Let's get something straight: Unless you're Parisian, French, or live(d) there, no, you are not Paris. To be Parisian -- to be from anywhere, really -- is to understand the cultural complexities of that identity that cannot be subsumed or learned with a pithy solidarity meme on social media.
Living in Turkey today means going out into the street and not fearing death more than you would on any given day. Living in Turkey means trying not to live with the realization that you are living in a war zone under the pretense that it's a civilized place.
The group described the car bombing as "vengeful action" for security operations in the mainly Kurdish southeast.
"These people are no different. They just happen to be Turkish."
Some people say the embassy's pre-emptive warning proves the Turkish government's incompetence. Others suspect the U.S. government is in cahoots with Kurdish militants.
If Erdogan doesn't act now, he will soon not be able to control the violence currently sweeping Turkey. If he continues to push towards an executive presidency with himself in the seat, he will be a man with considerable power -- except the power to force a violent genie back into its bottle.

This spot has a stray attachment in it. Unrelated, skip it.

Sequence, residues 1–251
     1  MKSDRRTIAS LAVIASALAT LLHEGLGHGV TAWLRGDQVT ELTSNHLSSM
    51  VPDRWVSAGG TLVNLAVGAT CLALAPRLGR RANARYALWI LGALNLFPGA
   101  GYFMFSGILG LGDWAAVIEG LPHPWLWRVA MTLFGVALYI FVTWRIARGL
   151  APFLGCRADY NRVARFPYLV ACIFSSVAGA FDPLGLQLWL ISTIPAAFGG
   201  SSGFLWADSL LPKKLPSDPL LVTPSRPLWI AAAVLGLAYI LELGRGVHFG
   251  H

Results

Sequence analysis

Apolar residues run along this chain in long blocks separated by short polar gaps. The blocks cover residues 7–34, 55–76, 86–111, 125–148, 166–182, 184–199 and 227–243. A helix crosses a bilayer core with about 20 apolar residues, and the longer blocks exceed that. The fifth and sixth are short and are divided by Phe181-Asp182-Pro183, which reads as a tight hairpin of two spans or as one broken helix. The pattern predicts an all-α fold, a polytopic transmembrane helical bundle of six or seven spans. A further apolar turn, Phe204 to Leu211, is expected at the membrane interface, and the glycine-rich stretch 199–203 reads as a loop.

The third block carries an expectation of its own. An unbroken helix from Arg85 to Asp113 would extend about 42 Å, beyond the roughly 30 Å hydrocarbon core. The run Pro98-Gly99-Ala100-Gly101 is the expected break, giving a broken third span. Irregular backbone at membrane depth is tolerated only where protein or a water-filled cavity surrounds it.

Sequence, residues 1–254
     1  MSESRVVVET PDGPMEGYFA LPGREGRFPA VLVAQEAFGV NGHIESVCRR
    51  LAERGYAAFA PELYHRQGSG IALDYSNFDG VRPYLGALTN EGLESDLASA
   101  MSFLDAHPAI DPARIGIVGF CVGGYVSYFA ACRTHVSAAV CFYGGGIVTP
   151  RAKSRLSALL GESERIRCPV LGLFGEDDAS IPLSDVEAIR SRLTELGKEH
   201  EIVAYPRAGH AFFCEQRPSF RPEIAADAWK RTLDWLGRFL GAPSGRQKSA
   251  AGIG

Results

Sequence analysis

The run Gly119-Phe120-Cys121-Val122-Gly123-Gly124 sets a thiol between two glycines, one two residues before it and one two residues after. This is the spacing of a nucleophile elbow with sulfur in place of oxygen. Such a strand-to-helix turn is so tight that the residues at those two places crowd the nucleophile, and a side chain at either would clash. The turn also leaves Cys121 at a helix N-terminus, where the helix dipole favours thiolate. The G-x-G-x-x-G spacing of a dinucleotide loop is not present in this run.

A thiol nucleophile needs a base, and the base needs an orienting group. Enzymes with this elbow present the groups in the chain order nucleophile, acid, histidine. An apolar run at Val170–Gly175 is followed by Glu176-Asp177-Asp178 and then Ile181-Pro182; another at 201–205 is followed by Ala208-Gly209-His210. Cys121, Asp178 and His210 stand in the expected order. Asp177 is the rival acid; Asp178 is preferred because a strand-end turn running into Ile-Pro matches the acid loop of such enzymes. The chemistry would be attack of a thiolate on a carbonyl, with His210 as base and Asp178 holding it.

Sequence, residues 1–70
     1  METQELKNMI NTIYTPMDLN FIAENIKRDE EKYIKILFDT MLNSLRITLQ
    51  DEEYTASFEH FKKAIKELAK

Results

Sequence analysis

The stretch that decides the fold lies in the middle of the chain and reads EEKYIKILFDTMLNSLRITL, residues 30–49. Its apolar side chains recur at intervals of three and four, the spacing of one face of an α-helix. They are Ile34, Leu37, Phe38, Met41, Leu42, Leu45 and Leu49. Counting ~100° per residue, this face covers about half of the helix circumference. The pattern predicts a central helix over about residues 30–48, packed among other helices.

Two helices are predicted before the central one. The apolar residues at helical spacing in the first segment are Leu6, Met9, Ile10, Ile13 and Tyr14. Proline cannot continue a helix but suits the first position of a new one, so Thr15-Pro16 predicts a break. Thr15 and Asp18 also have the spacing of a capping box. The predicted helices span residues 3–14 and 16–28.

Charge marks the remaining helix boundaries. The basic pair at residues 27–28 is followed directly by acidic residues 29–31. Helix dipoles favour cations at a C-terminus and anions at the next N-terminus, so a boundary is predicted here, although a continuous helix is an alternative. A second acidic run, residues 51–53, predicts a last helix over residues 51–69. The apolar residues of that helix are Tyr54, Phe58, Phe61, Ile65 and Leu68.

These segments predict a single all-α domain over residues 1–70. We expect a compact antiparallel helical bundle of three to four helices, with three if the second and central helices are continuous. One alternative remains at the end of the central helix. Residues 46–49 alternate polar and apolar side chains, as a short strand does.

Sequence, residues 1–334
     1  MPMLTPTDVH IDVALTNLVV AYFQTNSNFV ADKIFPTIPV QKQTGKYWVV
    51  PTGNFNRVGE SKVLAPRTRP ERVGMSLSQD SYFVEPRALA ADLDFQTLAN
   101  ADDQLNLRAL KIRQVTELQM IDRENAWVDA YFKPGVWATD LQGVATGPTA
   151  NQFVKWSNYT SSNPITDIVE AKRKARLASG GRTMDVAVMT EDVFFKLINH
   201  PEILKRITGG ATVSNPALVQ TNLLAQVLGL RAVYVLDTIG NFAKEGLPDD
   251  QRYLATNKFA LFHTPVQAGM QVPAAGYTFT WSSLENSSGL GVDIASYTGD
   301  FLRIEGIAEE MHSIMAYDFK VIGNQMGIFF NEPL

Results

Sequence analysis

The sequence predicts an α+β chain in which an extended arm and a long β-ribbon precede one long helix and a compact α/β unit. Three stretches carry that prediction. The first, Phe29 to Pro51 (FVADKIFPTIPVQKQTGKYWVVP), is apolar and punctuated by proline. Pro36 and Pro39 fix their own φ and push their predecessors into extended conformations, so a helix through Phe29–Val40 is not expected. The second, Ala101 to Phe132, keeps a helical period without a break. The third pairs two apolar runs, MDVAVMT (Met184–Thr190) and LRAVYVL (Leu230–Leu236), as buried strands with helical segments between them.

The car bomb attack killed 28 soldiers and civilians on Wednesday.
Wednesday's bombing is the latest in a string of attacks that have shocked the nation.
A vehicle laden with explosives detonated near military buses.
The narrative in the mainstream media is that ISIS are against us because they are Muslims, they hate us, they hate our way of life and so on, all against the West. Very rarely does the media talk about the suffering of the people in the Middle East at the hand of these terrorists.
While this picture reinforces the sense that Turkey is returning to the dark days of the 1990s, there are two reasons why the country's current predicament is also different, and much more dangerous, than it was two decades ago.
His new novel explores the personal experience of migration from the tradition-bound countryside to an ever-changing modern Istanbul.
In these dark days, for many analysts what happened on Oct. 10 in Ankara was the end of the Turkish Republic. Not in the sense of the territorial integrity of the country, but the rage and polarization among different groups.